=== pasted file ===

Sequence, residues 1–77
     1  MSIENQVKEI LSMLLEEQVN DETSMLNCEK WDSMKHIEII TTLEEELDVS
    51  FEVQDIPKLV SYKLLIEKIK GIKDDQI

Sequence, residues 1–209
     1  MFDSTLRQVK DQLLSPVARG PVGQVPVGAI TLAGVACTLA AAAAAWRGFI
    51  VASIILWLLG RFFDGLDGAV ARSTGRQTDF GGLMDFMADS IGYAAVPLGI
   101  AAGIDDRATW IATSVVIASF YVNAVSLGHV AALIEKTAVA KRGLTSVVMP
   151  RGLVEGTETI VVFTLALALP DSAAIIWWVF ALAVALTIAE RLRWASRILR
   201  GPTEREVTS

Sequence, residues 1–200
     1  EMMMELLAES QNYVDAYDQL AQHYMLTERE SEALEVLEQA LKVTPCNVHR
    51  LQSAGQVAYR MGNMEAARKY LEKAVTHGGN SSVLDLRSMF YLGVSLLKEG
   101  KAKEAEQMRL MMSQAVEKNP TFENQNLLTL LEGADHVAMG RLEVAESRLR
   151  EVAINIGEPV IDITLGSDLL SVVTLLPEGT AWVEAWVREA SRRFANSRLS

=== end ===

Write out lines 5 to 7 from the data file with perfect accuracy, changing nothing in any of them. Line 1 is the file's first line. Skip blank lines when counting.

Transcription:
     1  MFDSTLRQVK DQLLSPVARG PVGQVPVGAI TLAGVACTLA AAAAAWRGFI
    51  VASIILWLLG RFFDGLDGAV ARSTGRQTDF GGLMDFMADS IGYAAVPLGI
   101  AAGIDDRATW IATSVVIASF YVNAVSLGHV AALIEKTAVA KRGLTSVVMP